The Ekling Ji temple is one of the most renowned in all of Rajasthan and is situated a mere 22 kilometres (14 miles) north of the city of Udaipur. Built over a millennium ago, the temple is dedicated to Lord Shiva, a deity of the Hindu religion, embraced by the Mewar rulers. The temple is elevated and boasts a unique pyramid-like roof, with etched tower architecture that stretches over two storeys, with deep lined steps that descend into the jade-hued water below. The fragrant perfume of incense sticks wafts throughout the hallways, dancing around the many effigies, such as the 15 metres (50 foot), quadratic faced, black marbled idol of Shiva and the shivlinga, an abstract image of Shiva wreathed by a silvery snake. The four corners of the temple represent different deities, encompassing the sun god, the creator god, the protector god and Shiva, the destroyer god.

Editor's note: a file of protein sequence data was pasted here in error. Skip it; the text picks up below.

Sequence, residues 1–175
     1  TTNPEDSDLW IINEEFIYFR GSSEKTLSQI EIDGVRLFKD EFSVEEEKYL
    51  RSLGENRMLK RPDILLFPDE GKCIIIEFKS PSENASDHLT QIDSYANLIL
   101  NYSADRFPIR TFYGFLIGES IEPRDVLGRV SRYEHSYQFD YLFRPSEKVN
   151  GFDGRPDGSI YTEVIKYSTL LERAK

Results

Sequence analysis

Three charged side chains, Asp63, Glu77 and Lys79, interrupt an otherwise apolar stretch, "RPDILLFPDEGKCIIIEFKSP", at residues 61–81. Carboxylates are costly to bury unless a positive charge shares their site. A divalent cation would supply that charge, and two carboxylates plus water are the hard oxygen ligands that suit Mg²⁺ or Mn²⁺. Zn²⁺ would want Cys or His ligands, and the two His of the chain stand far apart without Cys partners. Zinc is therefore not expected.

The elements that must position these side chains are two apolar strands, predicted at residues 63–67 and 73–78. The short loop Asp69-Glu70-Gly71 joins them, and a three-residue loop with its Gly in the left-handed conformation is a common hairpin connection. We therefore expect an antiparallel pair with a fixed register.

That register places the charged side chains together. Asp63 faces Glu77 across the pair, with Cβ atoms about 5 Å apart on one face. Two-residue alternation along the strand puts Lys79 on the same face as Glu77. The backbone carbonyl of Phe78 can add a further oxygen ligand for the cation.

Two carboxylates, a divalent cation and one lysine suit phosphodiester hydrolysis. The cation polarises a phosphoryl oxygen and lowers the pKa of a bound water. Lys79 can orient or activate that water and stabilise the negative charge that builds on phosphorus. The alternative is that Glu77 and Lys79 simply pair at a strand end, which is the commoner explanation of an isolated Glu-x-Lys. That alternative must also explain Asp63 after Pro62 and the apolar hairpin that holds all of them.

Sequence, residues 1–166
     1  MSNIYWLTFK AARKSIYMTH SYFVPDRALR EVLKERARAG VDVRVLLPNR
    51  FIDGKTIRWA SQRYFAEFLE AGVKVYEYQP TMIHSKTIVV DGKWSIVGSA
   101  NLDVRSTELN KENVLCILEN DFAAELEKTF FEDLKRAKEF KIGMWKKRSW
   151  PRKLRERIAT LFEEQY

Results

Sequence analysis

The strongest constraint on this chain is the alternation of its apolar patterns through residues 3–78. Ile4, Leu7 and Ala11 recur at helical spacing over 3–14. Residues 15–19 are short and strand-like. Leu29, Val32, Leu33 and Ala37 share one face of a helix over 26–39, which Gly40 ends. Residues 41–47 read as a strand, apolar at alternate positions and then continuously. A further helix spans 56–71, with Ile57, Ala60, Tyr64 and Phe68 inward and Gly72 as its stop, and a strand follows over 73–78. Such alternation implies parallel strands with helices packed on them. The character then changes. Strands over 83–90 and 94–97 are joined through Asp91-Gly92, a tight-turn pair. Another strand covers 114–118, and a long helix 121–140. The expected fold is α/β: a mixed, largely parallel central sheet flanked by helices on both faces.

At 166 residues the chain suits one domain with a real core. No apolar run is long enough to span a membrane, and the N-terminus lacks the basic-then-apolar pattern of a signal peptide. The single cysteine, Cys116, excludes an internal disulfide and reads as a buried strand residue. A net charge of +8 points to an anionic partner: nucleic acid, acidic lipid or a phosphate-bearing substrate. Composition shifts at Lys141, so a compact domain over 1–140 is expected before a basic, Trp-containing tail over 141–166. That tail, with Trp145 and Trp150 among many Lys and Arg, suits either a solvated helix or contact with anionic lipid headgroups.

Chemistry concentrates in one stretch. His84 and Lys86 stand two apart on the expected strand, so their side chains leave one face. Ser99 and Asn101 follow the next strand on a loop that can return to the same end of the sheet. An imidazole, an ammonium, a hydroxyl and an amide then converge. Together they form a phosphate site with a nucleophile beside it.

Close to the Ekling Ji temple lies the Saas Bahu temple, erected in 1092 by a ruler of the Kachchhwaha Dynasty in honour of the Hindu deity Lord Vishnu. Standing 32 metres (105 feet) tall, the name of the temple translates as ‘the man with a thousand hands’. The structure boasts uninterrupted views of the striking city of Gwalior. The impressive architecture and sophisticated carvings employed are celebrated throughout Rajasthan. Records indicate that the temple was split into two distinct structures, one for the wife of the king, a devotee to Lord Vishnu, and the other for the wife of the prince, a devotee of Lord Shiva. The entrance of the temple showcaeses elaborate imprints of various Hindu deities that look down at visitors from the imposing ingress.